• In April 2013, North Korean state media announced that Pyongyang would restart all nuclear facilities at Yongbyon, including its 5MW graphite-moderated reactor, and uranium enrichment plant.
  • By August 2013, satellite imagery confirmed steam venting from the 5MW reactor's turbine and generator building.
  • The reactor is capable of producing 6 kg of plutonium a year, however, it is not clear how the modified cooling system, and repeated shutdowns will affect production.
  • In September 2015, however, state media announced that all nuclear facilities were in normal operation with ongoing missions to improve the “quality and quantity” of the country’s nuclear stockpile.
  • Kim Jong Un also claimed to have thermonuclear capabilities during his December 2015 visit to the Pyongchon Revolutionary Site.
  • On January 6, 2016 North Korea conducted a fourth nuclear test. Despite the test, and subsequent claim it was a hydrogen bomb, experts continue to doubt North Korea’s thermonuclear capabilities.
  • The test prompted widespread international condemnation. Even China, a traditional ally of the regime, endorsed a UN resolution to apply further sanctions against North Korea.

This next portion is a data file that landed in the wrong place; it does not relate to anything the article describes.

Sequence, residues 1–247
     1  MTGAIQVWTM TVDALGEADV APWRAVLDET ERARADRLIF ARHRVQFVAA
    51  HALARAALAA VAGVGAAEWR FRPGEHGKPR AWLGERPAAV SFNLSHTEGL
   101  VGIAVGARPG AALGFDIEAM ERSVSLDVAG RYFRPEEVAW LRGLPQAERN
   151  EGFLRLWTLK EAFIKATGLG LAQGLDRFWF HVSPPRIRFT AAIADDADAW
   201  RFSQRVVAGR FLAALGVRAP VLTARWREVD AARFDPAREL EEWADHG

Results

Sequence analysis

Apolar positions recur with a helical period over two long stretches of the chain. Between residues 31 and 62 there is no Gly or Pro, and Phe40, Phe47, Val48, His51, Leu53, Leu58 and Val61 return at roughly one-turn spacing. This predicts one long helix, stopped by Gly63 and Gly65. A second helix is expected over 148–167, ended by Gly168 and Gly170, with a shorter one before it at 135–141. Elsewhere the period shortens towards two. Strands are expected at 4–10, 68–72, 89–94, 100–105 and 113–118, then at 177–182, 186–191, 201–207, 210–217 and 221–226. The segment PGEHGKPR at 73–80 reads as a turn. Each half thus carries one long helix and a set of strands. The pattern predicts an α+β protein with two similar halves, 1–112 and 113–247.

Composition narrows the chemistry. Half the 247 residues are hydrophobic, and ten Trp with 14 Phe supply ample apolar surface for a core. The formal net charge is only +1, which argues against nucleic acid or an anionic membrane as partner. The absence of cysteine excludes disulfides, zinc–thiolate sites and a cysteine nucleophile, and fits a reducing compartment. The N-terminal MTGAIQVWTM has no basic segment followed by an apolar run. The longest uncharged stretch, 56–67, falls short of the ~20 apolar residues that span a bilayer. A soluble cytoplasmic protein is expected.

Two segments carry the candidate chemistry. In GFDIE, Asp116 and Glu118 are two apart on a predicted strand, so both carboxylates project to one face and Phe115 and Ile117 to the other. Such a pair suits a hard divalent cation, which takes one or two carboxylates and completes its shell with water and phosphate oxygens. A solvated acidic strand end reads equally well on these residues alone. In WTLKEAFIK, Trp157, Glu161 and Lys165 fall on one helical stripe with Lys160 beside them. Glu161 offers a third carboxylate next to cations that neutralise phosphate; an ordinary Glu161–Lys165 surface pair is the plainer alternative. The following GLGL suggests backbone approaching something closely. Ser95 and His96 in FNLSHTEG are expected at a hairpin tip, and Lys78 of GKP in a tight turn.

• On September 9, 2016, the anniversary of the founding of North Korea, the U.S. Geological Survey detected a 5.3 magnitude earthquake at North Korea's nuclear testing site.
  • North Korea quickly confirmed it had carried out a 5th nuclear test in a defiant statement. The test drew sharp international condemnation.
  • China, again, joined in condemning the test and urged the regime to refrain from provocative actions.
  • North Korea on March, 2017 launched four ballistic missiles from a region near North Korea's border with China.

What is the current standoff?

  • On 12th April 2017, reports began circulating that North Korea was poised to carry out an underground nuclear weapon test.
  • On 15th April, North Korea held a huge military parade to celebrate the “Day of the Sun.”
  • The spectacle featured among other things, large canisters that analysts said could be carrying new types of intercontinental ballistic missiles (ICBMs) that could one day be capable of hitting the United States.
  • Kim said, "If the United States wages reckless provocation against us, our revolutionary power will instantly counter with annihilating strike, and we will respond to full-out war with full-out war and to nuclear war with our style of nuclear strike warfare."
  • The chest-pounding threat was somewhat undercut a few hours later when the North Korean military attempted a missile launch — only to see it blow up "almost immediately," according to US military officials.
  • What was intended to be a strong, defiant show of force quickly became an international embarrassment.
  • Similarly, the US military announced in early March that it had officially begun the deployment of the THAAD anti-ballistic missile defence system in South Korea.